10. Godly without being Pharisaic.

Steve Cornell

Four marks of an Antagonist

Originally posted on WisdomForLife:

In his insightful book, Antagonists in the Church, Kenneth C. Haugk wrote that there are people simply bent on antagonistic behavior. He calls them “antagonists” and insists that these people must be identified and dealt with for the sake of church unity.

His book offers, among other things, a personality profile and a manual for dealing with the person who “stirs up dissension among brothers.”

“Antagonists,” he wrote, “try to build themselves up by tearing others down. They express their inner struggles with a negative self-concept by attacking people, enjoying the failures and misfortunes of others while they project their own sense of worthlessness onto them.”

Four Descriptions of Antagonists: 

Personality profile of dangerous people:

  1. Narcissism: “Narcissism is a personality pattern in which a person displays an excessive sense of self-importance and preoccupation with eliciting the admiration and attention of others … a narcissistic individual greedily fishes for and hungrily devours…

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Divisive people – two warning signs

Originally posted on WisdomForLife:

“I urge you, brothers and sisters, to watch out for those who cause divisions and put obstacles in your way that are contrary to the teaching you have learned. Keep away from them. For such people are not serving our Lord Christ, but their own appetites. By smooth talk and flattery they deceive the minds of naive people” (Romans 16:17-18).

“These people are grumblers and fault-finders; they follow their own evil desires; they boast about themselves and flatter others for their own advantage” (Jude 16).

Two characteristics of people who cause division in local Churches or small groups:

1. Narcissism: 

“Narcissism is a personality pattern in which a person displays an excessive sense of self-importance and preoccupation with eliciting the admiration and attention of others … a narcissistic individual greedily fishes for and hungrily devours the praise and attention of others … Narcissistic individuals who are antagonists are extremely reluctant to admit wrongdoings. They cannot conceive of being…

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Prayer of confession about care ministry

As I’ve been doing a series of messages about care ministry in the Church, I found this prayer focused on care ministry. Take a few moments to reflect on this deep and searching prayer.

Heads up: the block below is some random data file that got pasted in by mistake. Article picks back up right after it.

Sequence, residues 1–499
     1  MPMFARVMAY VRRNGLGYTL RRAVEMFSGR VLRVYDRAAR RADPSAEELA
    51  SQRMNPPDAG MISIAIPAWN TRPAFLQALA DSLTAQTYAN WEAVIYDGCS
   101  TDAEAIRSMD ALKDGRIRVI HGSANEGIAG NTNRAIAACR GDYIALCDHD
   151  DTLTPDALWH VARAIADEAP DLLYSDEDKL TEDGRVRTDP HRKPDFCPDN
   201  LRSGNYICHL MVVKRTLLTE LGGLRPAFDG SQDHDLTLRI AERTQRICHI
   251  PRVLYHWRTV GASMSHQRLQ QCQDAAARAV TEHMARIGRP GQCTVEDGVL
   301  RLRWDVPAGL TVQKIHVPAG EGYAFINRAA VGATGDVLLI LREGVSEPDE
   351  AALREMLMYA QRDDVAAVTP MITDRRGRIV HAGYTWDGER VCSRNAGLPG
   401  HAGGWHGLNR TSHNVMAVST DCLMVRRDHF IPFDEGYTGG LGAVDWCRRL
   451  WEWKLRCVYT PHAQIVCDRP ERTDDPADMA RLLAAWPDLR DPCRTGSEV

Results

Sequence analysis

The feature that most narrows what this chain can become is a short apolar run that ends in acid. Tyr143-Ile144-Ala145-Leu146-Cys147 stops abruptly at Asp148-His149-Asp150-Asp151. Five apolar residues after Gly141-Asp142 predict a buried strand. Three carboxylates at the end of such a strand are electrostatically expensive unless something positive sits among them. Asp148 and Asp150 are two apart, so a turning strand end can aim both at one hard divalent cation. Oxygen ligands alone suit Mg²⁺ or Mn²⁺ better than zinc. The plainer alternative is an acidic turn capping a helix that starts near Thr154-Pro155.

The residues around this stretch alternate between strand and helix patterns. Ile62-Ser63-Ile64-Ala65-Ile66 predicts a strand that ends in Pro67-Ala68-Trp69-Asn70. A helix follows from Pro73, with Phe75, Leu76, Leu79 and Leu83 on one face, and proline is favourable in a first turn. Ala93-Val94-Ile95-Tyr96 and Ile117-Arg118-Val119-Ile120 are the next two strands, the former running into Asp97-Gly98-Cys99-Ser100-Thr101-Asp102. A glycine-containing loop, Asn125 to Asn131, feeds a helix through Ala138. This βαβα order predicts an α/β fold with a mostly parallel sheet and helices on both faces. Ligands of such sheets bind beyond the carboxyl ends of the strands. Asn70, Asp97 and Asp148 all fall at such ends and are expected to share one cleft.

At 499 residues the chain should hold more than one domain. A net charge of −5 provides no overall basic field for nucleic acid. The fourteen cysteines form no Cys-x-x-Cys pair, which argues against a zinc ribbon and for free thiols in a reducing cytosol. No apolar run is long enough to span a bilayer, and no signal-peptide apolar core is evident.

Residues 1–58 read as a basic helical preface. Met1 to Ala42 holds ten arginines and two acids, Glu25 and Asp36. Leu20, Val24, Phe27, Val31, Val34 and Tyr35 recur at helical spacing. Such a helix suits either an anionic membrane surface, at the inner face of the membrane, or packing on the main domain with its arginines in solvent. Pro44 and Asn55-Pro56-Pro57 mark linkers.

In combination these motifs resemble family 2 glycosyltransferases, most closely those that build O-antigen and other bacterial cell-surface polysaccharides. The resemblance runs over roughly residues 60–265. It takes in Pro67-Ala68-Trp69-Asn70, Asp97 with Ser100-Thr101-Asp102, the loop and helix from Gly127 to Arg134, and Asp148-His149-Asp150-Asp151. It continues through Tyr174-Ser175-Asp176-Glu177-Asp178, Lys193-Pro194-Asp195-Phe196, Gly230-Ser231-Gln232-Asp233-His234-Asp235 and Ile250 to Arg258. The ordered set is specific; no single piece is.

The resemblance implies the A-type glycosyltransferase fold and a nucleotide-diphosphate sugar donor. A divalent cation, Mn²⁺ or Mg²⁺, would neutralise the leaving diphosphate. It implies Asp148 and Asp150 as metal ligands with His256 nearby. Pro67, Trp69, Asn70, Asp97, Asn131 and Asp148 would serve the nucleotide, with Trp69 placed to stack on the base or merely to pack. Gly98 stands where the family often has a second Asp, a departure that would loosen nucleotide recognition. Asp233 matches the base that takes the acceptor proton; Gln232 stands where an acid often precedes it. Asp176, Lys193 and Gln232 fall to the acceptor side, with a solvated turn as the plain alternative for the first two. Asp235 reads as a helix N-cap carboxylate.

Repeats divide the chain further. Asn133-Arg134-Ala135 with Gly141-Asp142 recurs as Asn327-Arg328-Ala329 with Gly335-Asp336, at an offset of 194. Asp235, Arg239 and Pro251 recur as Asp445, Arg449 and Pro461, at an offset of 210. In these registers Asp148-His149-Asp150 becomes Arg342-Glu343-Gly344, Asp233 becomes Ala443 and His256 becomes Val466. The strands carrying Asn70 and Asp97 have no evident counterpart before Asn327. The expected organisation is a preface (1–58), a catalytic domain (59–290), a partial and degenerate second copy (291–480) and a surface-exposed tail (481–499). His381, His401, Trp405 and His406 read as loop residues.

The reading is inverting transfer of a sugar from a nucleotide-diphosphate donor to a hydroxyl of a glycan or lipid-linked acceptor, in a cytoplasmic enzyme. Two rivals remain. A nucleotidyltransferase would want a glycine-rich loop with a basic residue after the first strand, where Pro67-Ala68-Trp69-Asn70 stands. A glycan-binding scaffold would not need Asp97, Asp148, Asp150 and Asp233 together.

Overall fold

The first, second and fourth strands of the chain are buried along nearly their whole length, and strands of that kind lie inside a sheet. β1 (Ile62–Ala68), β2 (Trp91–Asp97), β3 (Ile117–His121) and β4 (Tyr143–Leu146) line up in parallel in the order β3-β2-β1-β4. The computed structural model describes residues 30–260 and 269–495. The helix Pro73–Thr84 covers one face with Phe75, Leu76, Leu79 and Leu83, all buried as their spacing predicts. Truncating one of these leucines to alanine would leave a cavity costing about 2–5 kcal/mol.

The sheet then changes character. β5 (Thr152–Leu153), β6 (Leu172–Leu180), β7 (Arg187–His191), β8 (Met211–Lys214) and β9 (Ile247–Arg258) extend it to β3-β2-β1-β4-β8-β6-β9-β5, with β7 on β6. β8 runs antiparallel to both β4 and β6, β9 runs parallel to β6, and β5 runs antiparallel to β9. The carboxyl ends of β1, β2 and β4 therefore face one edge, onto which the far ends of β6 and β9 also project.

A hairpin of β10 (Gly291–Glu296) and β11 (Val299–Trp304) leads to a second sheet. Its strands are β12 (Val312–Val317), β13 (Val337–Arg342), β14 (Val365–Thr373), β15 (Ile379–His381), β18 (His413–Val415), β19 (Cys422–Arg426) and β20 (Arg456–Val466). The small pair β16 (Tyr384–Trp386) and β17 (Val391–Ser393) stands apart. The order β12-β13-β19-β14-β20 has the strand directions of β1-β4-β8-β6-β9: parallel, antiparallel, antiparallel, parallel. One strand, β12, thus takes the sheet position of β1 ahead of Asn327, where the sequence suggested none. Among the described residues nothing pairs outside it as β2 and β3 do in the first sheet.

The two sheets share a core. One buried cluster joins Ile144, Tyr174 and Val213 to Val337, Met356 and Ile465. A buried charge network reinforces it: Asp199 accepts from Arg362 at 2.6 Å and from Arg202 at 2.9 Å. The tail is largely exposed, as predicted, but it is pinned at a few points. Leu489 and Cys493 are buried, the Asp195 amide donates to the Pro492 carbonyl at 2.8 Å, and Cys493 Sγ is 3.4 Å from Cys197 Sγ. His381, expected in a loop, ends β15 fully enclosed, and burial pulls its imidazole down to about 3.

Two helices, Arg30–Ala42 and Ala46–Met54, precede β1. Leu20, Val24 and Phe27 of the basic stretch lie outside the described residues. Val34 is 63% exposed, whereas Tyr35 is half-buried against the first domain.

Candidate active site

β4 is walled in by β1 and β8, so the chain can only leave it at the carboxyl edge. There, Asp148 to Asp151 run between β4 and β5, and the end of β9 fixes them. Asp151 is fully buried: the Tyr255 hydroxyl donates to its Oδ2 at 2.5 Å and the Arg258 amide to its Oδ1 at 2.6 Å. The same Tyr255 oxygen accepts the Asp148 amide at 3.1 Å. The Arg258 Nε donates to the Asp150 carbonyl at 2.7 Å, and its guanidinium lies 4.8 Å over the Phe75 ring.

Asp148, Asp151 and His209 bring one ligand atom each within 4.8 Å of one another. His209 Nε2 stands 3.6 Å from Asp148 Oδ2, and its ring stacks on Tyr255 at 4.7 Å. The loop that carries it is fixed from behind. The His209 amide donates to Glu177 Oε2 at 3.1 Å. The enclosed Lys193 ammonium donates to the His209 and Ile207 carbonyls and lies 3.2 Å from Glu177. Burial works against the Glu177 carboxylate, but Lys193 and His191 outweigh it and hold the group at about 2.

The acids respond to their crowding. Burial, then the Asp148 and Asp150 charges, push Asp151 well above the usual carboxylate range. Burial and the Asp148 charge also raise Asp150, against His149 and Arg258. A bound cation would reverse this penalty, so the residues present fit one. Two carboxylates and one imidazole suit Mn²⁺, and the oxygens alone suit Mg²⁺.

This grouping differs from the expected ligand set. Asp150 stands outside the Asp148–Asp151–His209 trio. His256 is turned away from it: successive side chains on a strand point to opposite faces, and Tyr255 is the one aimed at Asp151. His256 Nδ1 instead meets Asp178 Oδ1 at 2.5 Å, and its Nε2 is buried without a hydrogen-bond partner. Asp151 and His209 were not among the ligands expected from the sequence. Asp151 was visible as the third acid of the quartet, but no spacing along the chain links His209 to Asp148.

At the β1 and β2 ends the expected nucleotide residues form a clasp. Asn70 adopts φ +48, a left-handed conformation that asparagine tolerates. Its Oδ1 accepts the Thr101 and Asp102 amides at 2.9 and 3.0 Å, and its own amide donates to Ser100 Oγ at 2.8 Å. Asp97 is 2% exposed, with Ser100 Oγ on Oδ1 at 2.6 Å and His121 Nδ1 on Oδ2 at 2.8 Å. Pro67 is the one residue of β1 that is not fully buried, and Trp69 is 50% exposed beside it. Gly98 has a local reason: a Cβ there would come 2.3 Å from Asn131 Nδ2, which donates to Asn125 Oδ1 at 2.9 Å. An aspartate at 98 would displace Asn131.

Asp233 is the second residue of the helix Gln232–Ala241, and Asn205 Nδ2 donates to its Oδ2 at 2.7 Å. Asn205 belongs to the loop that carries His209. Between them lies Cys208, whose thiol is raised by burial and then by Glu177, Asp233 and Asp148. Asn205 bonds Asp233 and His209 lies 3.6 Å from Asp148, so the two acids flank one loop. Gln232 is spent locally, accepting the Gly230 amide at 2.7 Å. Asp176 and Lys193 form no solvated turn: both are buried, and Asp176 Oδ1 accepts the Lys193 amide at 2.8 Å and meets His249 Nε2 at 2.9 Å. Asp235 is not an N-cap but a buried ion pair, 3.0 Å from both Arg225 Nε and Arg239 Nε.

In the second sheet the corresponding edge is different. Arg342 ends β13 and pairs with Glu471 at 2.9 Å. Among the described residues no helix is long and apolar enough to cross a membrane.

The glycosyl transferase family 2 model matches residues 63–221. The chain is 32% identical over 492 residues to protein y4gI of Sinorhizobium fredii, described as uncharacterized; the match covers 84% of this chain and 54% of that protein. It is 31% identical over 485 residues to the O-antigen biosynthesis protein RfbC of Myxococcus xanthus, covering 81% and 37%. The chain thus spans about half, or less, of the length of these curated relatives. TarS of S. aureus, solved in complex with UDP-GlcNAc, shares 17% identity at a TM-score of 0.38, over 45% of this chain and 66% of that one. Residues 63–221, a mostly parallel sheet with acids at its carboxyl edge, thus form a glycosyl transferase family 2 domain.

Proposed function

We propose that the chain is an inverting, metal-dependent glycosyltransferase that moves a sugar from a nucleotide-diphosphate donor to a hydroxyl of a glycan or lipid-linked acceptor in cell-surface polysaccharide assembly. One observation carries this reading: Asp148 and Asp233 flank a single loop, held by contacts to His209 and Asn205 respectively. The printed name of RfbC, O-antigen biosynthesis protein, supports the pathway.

King of heaven, We confess before you the pride, fear, and selfishness that closes our eyes to hurting people around us. Though we share their flesh and blood, we are quick to look away when their suffering and brokenness make us uncomfortable. Instead of looking at them and seeing their great need, we quickly walk away, and turned toward people who make us feel good.

Forgive us for the help that we should have offered this week that we did not. Forgive us for the help that we offered for sinful reasons: to feel proud and superior, to purchase friendship, or to put people in our debt. Forgive us for the times when our hearts have been full of resentment and bitterness toward hurting people for needing us, and toward you for asking us to help them.

Lord, we cannot obey you with pure hearts and minds. Thank you that in your deep love for us you have not despised and abhorred us in our great affliction, but treasured us and sent your Son to rescue us.

Jesus, you see our great need and are not ashamed of us. We are crippled and afflicted by weakness and sin, but you rushed to rescue us. You took on the weakness of our human bodies and entered our sin– infested world in order to live the life we could not live.

Thank you for seeing the needs of those around you, for loving them in their brokenness, and serving them with pure compassion, clean hands, and a pure heart. Thank you for your perfect obedience, which is credited to us, even though we continue to struggle every day with selfish hearts that lack compassion.

Holy spirit, melt our hard hearts, for we cannot soften them. Cause us to see how we have been rescued by our great Savior, and give us the desire and ability to open our eyes, to look around us, to see people as they are, and to love them deeply from a heart of gratitude and concern. Help us to enter the worlds of others, to celebrate with them, to grieve with them, and to walk alongside him with caring hearts and hands that are ready to help.

May we grow into people who love as we have been loved and who serve as we have been served. Amen.’ (from: Prone to Wander) (Thank you Tim Challies for posting this)

A great message from a good friend

I was in the audience to hear this message from Crawford Loritts. After the message, we spent the entire afternoon enjoying deep and rich fellowship. Crawford and I met when we shared pulpit ministry at Sandy Cove Conference Center. He was later our guest speaker at the 20th anniversary of our Church. While golfing one afternoon on that occasion, he shared with me his new direction to become the senior pastor of Fellowship Bible Church in Roswell, GA.

I heard many great teachers at the conference where this message was delivered, but Crawford’s message was the best — by far! Don’t miss his four closing points!